Discovering UNESCO’s Creative Cities: Italy has 9
Around the globe there are cities where creativity is driving social, urban and economic development. Indeed, music, art, literature, design and many other creative areas can all make an active contribution to a city’s growth. Yet just where is all this creativity taking place?
Well, the UNESCO UCCN (UNESCO Creative Cities Network) lists no less than 180 cities in 72 different countries. Established in 2004, the network is designed to promote cooperation between cities that have identified creativity as a strategic sustainable development factor.
The Creative Cities Network aims to provide local businesses with an international cooperation platform from which they can “launch” their cities’ creative energy, giving them the opportunity to showcase local customs and traditions in a global setting to aid the development of cultural export and creative industries. Here’s the official UCCN – Unesco Creative Cities Network. video.
How does the UNESCO Creative Cities Network operate?
By joining the network, the cities undertake to support and promote their best local cultural practices and develop partnerships with other UCCN cities, involving not just citizens but also companies in both the public and private spheres. Each partnership develops projects in order to:
- strengthen the creation, production, distribution and diffusion of cultural activities and goods/services;
- develop creativity/innovation centres and expand opportunities for creators and professionals in the cultural sector;
- improve access to culture and boost participation in it, especially for marginalised or disadvantaged groups and individuals;
- fully incorporate culture and creativity into sustainable development plans.
The UNESCO Creative Cities Network consists of 7 categories, with each of the 180 cities belonging to a specific one:
- Creative Cities for Music (includes 31 cities)
- Creative Cities for Literature (28)
- Creative Cities for Cinema (13)
- Creative Cities for Craftsmanship and Folk Art (37)
- Creative Cities for Design (31)
- Creative Cities for Digital Arts (14)
- Creative Cities for Gastronomy (26)
Every year, the 180 representatives of these creative cities come together to take stock of the situation, explore ideas, establish new ties and assess new candidates. The June 2018 meeting, held in the creative cities of Krakow and Katowice (Poland), was also attended by the last 64 cities to join the UNESCO Creative Cities Network: a strong 9-city African contingent has now been added, including Cape Town, assigned to the Creative City for Design category.
Have you already read our article on the emerging importance of Africa?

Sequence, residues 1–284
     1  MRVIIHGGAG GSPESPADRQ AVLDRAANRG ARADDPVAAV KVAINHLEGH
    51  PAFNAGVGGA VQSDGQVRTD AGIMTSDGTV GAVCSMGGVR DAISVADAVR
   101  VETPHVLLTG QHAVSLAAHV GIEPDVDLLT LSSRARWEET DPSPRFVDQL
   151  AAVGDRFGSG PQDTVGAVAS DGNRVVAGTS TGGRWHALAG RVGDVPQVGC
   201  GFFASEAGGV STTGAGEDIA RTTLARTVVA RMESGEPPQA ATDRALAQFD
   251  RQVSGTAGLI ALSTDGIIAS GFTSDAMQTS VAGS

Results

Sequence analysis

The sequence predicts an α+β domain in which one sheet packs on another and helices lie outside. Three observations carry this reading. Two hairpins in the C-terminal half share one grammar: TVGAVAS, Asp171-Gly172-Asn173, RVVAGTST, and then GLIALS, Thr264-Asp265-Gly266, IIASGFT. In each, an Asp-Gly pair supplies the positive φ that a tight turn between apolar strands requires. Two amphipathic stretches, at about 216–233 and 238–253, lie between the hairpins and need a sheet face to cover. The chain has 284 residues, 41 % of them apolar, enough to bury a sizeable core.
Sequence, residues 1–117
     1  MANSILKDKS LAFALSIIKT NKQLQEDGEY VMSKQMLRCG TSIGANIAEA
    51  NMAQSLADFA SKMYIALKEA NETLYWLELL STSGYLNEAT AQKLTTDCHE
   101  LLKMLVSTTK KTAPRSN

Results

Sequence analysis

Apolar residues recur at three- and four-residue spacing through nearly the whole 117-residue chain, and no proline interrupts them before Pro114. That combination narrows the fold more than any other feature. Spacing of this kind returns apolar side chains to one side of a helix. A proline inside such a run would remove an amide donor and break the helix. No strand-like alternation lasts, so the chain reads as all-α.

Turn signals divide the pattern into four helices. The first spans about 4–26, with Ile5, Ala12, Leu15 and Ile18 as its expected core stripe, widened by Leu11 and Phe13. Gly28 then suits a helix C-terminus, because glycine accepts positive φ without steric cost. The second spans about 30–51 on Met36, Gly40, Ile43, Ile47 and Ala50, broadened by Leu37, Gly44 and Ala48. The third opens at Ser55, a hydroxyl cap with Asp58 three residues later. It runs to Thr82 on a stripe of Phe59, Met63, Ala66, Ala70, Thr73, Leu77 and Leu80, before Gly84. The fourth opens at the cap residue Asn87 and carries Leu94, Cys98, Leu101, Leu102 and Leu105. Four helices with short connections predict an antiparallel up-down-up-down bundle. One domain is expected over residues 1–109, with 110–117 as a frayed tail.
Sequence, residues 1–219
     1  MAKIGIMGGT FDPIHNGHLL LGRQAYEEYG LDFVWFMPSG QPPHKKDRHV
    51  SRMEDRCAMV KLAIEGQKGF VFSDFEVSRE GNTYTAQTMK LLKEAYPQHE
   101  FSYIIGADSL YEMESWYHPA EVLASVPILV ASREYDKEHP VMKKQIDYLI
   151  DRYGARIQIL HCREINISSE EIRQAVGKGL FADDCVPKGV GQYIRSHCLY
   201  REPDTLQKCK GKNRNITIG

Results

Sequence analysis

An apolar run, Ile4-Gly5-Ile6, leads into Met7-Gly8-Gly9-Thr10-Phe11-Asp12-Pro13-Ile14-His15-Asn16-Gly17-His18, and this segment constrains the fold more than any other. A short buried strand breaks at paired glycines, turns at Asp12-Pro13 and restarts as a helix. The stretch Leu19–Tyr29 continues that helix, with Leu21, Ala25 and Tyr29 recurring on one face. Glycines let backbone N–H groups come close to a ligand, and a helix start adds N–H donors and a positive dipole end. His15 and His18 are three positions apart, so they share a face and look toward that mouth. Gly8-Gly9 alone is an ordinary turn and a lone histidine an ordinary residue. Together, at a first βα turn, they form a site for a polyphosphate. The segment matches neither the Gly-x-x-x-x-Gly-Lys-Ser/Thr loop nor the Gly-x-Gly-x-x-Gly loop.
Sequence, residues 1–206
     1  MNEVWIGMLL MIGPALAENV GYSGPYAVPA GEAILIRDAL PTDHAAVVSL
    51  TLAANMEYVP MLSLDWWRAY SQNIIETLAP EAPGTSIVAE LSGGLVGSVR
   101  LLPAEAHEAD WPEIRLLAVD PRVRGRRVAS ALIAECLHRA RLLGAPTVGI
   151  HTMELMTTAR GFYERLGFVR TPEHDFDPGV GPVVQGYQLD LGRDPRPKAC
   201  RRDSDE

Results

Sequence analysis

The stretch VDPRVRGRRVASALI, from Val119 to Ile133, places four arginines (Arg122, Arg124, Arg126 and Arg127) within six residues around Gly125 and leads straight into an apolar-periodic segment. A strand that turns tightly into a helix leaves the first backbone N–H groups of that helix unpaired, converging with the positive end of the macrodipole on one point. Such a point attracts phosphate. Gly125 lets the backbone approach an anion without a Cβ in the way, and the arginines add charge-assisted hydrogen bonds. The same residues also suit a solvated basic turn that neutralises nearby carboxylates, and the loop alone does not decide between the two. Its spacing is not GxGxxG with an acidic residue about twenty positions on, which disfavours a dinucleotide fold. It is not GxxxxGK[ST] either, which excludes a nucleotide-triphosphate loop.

Italian UNESCO Creative Cities
There are 9 Italian UNESCO Creative Cities:
- Fabriano – known for its noble professions and ancient traditions – was given creative city status on account of its crafts and folk art. Renowned for the manufacture of high quality paper, Fabriano also boasts generations of blacksmiths, ceramists and weavers who, over the centuries, have transformed their crafts into true industries. In 2019 Fabriano hosted the Annual Creative Cities Network Meeting.
- Rome, nominated a Creative City for Cinema in 2016.
- Parma, a Creative City for Gastronomy, boasts the highest number of genuine local food products protected by Italy’s quality trademarks (DOP, IGP, STG).
- Turin was elected a Creative City for Design. Its far-reaching promotion and support of the design industry is being implemented via a series of initiatives that will make Turin a pivotal design city both in Italy and worldwide.
- Bologna is a Creative City for Music thanks to prestigious music facilities such as the Teatro Comunale, the International Museum and Music Library and the organisation of several internationally famous music festivals.
- Milan, a Creative City for Literature, has been the home of many famous writers. It enjoys a rich literary tradition: Umberto Eco, Carlo Porta and Alessandro Manzoni, not to mention Nobel Prize winners Eugenio Montale and Dario Fo, are just a few of the Milanese writers whose works have, over time, enriched Italian literature.
- Pesaro, a Creative City for Music, is the birthplace of Gioachino Rossini; the composer of the Barber of Seville and William Tell, he played a pivotal role in shaping the history of opera. The Conservatorio Statale di Musica, established in Rossini’s honour, is one of Italy’s oldest and most prestigious conservatoires. Pesaro is home to over 700 musicians and 40 groups, including orchestras, bands and choirs.
- Carrara has, since 2017, been a Creative City for Craftsmanship and Folk Art. Located in the foothills of the Apuan Alps in Northern Tuscany, Carrara is renowned worldwide for its white marble quarries. Used since Roman times, Carrara marble has been the material of choice for some of Italy’s most famous sculptures. Its appreciators have included Michelangelo, Canova, Bernini and contemporary artists Cattelan and Fabre.
- Alba, a Creative City for Gastronomy, is the historical – and thriving – centre of the Langhe-Roero area in Piedmont. The city is the capital of the renowned white truffle. In the 1990s it won recognition as a key pioneer and developer of the Slow Food movement.
In short, a huge creative variety, as Italy’s creative cities span 6 of the 7 established categories.
With their history, traditions, aesthetics and innovation, UNESCO Creative Cities have a touch of magic about them. Moreover, they constitute a cauldron of ideas from which new trends can emerge.
Every single project is a small step towards the implementation of UNESCO’S sustainable development agenda, to be completed by 2030; a massively ambitious plan that will, we hope, thanks to everyone’s contribution, prove to be a success for the whole of humanity.
Check out UNESCO’s sustainable development goals.
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